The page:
Article Summary & FAQs
What is convection?
In general, convection is either the mass transfer or the heat transfer due to the bulk movement of molecules within fluids such as gases and liquids.
Key Facts
Heat transfer is usually classified into various mechanisms, such as:

 Heat Conduction. Heat conduction, also called diffusion, occurs within a body or between two bodies in contact. It is the direct microscopic exchange of kinetic energy of particles through the boundary between two systems.
 Heat Convection. Heat convection depends on a mass movement from one region of space to another. Heat convection occurs when the bulk flow of a fluid (gas or liquid) carries heat along with the flow of matter in the fluid.
 Thermal Radiation. Radiation is heat transfer by electromagnetic radiation, such as sunshine, with no need for the matter to be present in the space between bodies.
Conduction and convection are similar in that both mechanisms require the presence of a material medium (in comparison to thermal radiation).
At the surface, it must be emphasized that energy flow occurs purely by conduction, even in conduction. It is because there is always a thin stagnant fluid film layer on the heat transfer surface. But in the next layers, both conduction and diffusionmass movement occur at the molecular or macroscopic levels.
Despite the complexity of convection, the rate of convection heat transfer is observed to be proportional to the temperature difference and is conveniently expressed by Newton’s law of cooling.
Newton’s law of cooling states that the rate of heat loss of a body is directly proportional to the difference in the temperatures between the body and its surroundings, provided the temperature difference is small and the nature of radiating surface remains the same.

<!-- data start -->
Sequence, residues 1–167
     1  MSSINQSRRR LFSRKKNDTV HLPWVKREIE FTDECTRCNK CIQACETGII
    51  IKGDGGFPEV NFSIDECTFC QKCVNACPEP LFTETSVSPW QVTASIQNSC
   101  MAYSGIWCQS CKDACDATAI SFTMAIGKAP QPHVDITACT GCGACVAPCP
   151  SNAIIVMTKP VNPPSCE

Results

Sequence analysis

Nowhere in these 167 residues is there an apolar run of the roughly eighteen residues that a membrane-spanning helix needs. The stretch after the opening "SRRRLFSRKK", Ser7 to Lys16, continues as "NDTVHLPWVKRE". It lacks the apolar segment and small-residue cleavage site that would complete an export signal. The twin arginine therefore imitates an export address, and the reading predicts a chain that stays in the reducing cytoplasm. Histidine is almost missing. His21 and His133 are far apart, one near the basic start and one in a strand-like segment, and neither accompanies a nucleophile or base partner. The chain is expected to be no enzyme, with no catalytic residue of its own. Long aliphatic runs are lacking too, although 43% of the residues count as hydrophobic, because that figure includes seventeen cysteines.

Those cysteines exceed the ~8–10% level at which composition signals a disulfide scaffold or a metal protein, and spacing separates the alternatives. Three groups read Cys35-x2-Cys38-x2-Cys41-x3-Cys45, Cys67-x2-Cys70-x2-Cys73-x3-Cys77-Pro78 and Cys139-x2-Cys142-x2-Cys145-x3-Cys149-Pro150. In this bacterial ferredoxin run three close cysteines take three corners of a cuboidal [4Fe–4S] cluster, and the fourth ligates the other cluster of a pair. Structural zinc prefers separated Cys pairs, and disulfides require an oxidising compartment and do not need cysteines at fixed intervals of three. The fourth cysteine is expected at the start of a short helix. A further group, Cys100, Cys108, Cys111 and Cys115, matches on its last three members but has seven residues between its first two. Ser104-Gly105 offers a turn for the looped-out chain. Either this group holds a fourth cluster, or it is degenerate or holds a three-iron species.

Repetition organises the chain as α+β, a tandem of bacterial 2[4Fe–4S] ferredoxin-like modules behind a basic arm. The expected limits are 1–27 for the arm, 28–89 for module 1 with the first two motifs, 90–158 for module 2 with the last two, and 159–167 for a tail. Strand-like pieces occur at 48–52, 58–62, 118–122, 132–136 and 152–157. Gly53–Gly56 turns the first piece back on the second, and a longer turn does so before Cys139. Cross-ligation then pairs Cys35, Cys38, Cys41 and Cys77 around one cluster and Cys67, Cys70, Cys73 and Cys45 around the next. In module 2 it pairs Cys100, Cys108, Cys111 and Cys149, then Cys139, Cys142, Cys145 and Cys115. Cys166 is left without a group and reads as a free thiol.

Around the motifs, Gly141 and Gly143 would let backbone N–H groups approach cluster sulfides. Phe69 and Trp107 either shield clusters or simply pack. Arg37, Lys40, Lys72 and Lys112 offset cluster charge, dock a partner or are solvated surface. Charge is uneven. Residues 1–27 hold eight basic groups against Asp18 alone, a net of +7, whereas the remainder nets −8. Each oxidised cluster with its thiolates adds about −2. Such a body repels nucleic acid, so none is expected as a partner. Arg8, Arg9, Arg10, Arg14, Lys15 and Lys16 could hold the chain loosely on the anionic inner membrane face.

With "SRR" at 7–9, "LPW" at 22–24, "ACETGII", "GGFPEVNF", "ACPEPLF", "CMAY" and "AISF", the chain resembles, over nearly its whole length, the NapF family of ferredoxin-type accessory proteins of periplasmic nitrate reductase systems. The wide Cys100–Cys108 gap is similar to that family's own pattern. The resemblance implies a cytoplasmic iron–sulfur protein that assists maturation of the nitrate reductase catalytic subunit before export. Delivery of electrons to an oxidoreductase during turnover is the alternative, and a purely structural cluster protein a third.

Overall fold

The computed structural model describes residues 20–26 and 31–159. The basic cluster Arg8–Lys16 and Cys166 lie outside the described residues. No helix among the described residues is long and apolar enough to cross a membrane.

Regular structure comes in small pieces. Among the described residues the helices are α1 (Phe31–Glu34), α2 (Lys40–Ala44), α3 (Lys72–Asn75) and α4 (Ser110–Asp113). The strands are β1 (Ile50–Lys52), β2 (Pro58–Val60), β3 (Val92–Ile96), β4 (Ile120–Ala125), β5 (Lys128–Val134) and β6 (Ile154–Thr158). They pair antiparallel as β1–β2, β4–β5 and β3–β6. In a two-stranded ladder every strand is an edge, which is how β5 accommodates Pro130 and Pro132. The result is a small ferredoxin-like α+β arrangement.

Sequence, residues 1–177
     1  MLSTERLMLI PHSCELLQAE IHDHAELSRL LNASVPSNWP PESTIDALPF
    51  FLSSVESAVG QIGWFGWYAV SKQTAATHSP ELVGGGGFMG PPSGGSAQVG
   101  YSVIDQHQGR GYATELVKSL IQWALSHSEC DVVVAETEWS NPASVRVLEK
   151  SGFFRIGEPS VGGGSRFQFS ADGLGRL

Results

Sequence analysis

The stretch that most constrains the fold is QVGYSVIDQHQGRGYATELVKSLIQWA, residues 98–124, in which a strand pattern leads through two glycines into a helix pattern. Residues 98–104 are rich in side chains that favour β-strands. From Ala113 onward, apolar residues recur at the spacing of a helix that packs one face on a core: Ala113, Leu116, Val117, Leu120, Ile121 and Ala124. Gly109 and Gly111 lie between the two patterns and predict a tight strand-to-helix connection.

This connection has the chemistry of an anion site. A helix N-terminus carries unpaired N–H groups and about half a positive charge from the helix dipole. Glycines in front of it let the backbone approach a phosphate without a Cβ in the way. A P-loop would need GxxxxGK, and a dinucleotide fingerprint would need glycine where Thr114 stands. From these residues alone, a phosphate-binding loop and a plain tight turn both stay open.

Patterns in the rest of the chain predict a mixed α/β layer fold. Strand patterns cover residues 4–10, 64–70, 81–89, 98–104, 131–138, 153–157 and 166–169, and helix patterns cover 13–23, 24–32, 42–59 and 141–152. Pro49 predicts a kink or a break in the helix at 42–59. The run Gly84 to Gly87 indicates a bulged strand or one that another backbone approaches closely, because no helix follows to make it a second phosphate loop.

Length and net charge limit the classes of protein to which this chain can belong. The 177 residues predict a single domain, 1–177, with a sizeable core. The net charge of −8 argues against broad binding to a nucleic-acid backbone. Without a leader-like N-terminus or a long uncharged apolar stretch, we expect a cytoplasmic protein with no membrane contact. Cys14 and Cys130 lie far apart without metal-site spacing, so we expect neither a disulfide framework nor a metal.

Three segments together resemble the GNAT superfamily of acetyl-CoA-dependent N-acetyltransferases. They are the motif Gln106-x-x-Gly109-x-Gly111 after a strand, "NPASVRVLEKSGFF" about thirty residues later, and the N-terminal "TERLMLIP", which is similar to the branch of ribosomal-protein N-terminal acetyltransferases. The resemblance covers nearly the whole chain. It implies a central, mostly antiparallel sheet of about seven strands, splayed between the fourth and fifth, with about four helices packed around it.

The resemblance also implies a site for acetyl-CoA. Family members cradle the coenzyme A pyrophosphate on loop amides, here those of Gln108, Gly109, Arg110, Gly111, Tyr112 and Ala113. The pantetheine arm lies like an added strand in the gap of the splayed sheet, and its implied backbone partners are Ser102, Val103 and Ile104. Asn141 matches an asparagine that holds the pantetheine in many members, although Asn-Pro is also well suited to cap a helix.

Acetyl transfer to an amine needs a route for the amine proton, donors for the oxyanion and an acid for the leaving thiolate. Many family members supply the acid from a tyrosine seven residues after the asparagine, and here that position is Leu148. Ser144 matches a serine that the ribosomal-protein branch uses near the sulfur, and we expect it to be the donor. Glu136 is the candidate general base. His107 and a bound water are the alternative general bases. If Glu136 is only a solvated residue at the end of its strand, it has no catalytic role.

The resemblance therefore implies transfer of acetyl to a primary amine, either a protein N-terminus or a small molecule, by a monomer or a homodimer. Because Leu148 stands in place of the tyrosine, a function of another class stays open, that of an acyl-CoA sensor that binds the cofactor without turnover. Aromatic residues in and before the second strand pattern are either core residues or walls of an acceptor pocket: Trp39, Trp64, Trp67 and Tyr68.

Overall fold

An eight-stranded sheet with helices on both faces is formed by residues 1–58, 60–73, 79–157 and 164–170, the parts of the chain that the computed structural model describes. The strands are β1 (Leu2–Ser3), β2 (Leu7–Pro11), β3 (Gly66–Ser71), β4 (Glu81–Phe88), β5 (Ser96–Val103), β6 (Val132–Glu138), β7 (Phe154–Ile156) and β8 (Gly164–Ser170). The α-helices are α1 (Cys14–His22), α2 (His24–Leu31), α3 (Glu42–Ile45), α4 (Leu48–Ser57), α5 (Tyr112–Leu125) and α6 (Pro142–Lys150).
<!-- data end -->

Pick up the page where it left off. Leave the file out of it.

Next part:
The Nusselt number is used to describe the ratio of the thermal energy convected to the fluid to the thermal energy conducted within the fluid.
For fully developed (hydrodynamically and thermally) turbulent flow in a smooth circular tube, the local Nusselt number may be obtained from the wellknown DittusBoelter equation.
Boiling and condensation differ from other forms of convection in that they depend on the latent heat of vaporization, which is very high for common pressures. Therefore large amounts of heat can be transferred during boiling and condensation essentially at a constant temperature.
In general, convection is either the mass transfer or the heat transfer due to the bulk movement of molecules within fluids such as gases and liquids. Although liquids and gases are generally not very good conductors of heat, they can transfer heat quite rapidly by convection.
Convection takes place through advection, diffusion, or both. Convection cannot occur in most solids because neither significant diffusion of matter nor bulk current flows can occur. Diffusion of heat occurs in rigid solids, but that is called thermal conduction.
The process of heat transfer between a surface and a fluid flowing in contact with it is called convective heat transfer. In engineering, convective heat transfer is one of the major mechanisms of heat transfer. When heat is transferred from one fluid to another through a barrier, convection is involved on both sides of the barrier. In most cases, the main resistance to heat flow is by convection. Convective heat transfer takes place both by thermal diffusion (the random motion of fluid molecules) and by advection, in which matter or heat is transported by the largerscale motion of currents in the fluid.
Mechanisms of Convection